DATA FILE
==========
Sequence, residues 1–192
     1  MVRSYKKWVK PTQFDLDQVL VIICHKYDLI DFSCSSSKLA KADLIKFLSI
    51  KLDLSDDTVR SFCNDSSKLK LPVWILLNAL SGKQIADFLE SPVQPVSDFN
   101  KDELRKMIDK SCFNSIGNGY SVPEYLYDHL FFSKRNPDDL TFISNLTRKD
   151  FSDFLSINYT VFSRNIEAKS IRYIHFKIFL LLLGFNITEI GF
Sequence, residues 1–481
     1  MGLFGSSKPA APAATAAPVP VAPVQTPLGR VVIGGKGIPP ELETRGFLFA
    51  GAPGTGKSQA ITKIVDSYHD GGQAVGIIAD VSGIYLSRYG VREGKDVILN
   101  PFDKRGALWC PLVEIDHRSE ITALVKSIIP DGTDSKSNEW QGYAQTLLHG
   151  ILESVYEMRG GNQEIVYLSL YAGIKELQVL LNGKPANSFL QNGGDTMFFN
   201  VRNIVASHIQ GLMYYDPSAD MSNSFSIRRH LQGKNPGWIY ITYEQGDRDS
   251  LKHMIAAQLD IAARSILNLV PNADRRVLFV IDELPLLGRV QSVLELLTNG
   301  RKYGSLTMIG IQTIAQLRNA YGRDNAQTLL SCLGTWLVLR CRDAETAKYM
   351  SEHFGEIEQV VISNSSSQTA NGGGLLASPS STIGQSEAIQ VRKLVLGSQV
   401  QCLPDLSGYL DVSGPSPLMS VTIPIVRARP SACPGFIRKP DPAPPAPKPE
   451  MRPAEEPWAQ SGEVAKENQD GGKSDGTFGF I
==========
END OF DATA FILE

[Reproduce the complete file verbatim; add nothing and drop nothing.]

Sequence, residues 1–192
     1  MVRSYKKWVK PTQFDLDQVL VIICHKYDLI DFSCSSSKLA KADLIKFLSI
    51  KLDLSDDTVR SFCNDSSKLK LPVWILLNAL SGKQIADFLE SPVQPVSDFN
   101  KDELRKMIDK SCFNSIGNGY SVPEYLYDHL FFSKRNPDDL TFISNLTRKD
   151  FSDFLSINYT VFSRNIEAKS IRYIHFKIFL LLLGFNITEI GF
Sequence, residues 1–481
     1  MGLFGSSKPA APAATAAPVP VAPVQTPLGR VVIGGKGIPP ELETRGFLFA
    51  GAPGTGKSQA ITKIVDSYHD GGQAVGIIAD VSGIYLSRYG VREGKDVILN
   101  PFDKRGALWC PLVEIDHRSE ITALVKSIIP DGTDSKSNEW QGYAQTLLHG
   151  ILESVYEMRG GNQEIVYLSL YAGIKELQVL LNGKPANSFL QNGGDTMFFN
   201  VRNIVASHIQ GLMYYDPSAD MSNSFSIRRH LQGKNPGWIY ITYEQGDRDS
   251  LKHMIAAQLD IAARSILNLV PNADRRVLFV IDELPLLGRV QSVLELLTNG
   301  RKYGSLTMIG IQTIAQLRNA YGRDNAQTLL SCLGTWLVLR CRDAETAKYM
   351  SEHFGEIEQV VISNSSSQTA NGGGLLASPS STIGQSEAIQ VRKLVLGSQV
   401  QCLPDLSGYL DVSGPSPLMS VTIPIVRARP SACPGFIRKP DPAPPAPKPE
   451  MRPAEEPWAQ SGEVAKENQD GGKSDGTFGF I